Research Day


Relevance of neuroscience seminar teaching to day-to-day clinical practice of psychiatry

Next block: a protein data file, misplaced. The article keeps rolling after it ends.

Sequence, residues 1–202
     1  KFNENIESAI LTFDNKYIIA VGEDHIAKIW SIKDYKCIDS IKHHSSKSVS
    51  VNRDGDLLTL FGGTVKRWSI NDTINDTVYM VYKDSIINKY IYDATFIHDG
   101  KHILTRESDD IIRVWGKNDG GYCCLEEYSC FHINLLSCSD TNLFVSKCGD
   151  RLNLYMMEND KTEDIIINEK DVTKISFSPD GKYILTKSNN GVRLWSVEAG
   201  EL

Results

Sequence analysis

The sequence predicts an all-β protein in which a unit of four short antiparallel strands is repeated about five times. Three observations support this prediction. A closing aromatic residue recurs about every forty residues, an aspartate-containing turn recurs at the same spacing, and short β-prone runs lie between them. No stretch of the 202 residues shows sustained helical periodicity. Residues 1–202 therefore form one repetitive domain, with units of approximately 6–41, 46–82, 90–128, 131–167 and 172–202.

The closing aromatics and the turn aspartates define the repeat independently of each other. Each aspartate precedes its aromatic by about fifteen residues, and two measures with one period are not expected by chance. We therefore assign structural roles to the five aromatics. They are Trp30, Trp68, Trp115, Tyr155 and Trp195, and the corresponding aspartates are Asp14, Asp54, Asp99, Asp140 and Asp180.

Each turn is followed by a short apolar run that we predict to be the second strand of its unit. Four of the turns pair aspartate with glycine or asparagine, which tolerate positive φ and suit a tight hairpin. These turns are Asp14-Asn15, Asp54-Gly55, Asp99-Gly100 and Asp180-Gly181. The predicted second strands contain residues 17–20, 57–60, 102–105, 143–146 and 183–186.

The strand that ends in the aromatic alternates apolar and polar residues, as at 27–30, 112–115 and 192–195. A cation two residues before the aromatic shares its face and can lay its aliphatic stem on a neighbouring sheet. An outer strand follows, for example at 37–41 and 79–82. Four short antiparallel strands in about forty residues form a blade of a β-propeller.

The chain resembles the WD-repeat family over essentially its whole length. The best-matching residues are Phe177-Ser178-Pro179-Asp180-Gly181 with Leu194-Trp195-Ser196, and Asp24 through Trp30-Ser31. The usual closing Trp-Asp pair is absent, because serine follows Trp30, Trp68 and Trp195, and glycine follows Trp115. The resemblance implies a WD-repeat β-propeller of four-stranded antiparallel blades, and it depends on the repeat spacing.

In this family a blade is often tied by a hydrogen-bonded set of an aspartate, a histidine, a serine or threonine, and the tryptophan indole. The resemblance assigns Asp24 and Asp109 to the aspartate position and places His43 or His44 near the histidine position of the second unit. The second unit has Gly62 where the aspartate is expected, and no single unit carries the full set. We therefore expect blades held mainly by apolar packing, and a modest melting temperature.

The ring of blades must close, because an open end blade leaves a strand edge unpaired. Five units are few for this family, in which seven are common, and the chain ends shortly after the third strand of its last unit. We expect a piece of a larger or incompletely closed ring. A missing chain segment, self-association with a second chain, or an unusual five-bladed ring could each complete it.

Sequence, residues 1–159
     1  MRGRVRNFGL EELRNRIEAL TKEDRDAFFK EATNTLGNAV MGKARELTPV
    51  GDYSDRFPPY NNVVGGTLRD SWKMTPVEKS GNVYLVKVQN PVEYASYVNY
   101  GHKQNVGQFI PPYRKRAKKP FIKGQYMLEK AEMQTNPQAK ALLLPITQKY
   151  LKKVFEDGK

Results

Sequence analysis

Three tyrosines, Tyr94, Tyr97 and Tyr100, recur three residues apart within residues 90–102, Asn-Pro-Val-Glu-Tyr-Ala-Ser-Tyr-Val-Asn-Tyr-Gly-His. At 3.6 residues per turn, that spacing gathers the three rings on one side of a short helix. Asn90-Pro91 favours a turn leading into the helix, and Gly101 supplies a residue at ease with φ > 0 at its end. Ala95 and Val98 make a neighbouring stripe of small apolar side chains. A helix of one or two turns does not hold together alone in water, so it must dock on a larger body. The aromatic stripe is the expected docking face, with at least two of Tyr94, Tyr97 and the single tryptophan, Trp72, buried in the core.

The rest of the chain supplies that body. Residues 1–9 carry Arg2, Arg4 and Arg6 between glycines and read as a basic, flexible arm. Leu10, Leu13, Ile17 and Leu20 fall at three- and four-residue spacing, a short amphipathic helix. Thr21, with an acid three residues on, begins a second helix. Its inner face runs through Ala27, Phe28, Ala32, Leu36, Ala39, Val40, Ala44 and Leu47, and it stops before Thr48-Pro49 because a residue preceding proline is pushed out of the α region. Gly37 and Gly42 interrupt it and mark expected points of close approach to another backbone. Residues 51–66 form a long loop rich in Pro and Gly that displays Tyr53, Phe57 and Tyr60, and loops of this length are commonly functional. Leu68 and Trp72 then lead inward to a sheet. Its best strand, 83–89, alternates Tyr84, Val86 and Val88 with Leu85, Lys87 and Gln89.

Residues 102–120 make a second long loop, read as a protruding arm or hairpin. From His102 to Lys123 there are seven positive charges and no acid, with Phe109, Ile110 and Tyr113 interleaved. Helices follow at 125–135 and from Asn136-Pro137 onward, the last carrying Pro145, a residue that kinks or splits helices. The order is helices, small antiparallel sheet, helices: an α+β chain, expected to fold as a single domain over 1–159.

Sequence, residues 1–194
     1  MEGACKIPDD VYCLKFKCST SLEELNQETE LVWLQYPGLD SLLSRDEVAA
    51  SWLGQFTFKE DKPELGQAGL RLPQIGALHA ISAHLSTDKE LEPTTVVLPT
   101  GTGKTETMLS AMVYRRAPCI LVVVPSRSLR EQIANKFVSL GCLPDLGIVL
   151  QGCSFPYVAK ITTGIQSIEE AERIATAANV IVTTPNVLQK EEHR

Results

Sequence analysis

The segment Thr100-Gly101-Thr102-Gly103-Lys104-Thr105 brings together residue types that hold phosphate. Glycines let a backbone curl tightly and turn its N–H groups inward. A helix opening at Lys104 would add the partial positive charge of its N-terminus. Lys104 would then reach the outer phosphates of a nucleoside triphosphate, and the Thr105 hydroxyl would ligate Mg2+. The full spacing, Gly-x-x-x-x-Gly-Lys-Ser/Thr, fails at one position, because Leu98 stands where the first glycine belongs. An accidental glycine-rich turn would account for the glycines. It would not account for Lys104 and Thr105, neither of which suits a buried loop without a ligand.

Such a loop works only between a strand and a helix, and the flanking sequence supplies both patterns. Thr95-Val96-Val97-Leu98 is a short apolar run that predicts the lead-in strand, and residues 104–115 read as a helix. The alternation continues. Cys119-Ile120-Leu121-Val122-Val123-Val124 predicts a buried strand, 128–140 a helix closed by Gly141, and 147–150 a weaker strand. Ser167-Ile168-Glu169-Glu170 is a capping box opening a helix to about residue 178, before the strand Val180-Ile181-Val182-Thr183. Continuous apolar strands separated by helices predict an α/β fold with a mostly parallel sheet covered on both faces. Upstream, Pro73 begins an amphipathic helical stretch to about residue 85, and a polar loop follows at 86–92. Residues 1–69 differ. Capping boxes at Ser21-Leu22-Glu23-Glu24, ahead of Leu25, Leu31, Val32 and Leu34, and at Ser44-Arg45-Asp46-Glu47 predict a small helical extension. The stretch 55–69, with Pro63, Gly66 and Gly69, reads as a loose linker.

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Introduction: In training psychiatry residents, there is an emphasis on getting the correct diagnosis and providing the most efficacious treatment. Over the past 10-20 years there has been an explosion of basic neuroscience research. Its application to psychiatry (translational medicine) has been slow. A survey of psychiatry residency training directors noted that only 39% of the programs felt that they had faculty with adequate training to teach on this area. A second study of residents showed that 13% felt that they had more than adequate or excellent knowledge of the topics of neuroscience and that they were relevant to their training. We are replicating a portion of their survey in our study. Just three years ago, the ACGME added training in neuroscience as a core curriculum requirement. This is an attempt to bring learner-centered teaching methods into the development of a new course in neuroscience for the second year psychiatry residents. Objective: The aim of this study is to understand the perceptions psychiatry residents have of the utility and relevance of neuroscience in their day-to-day practice as psychiatrists. It is also an attempt to demonstrate an effective method to teach neuroscience that could be generalized to other psychiatry training programs in the US. Materials and Methods: During the second year of training, the psychiatry residents have 14 sessions, 1.25 hours each, that cover concepts of neuroscience. The course began in January 2017 and will end in mid April 2017. We obtained IRB approval and gave the residents two surveys (pre-tests)—the first on specific content topics to be covered in the course and the second on perceptions of the relevance of neuroscience. A second set of surveys will be administered at the end of the course (post-tests). Data will be scored numerically. Each content topic will be scored from 1-4 (for level of comfort in each topic) and averaged (for the five residents). The average difference between post seminar and pre-seminar comfort levels and knowledge, ideally improvements, will also be reported. Relevance of neuroscience will also be reported on a 1-5 scale score and differences from post to pre-tests will be reported. Results and Discussion: This poster will present the changes in the pre and post surveys for content knowledge and perceived relevance of neuroscience for these five residents. Final data will be available in April. The analysis is to be straightforward t-test.

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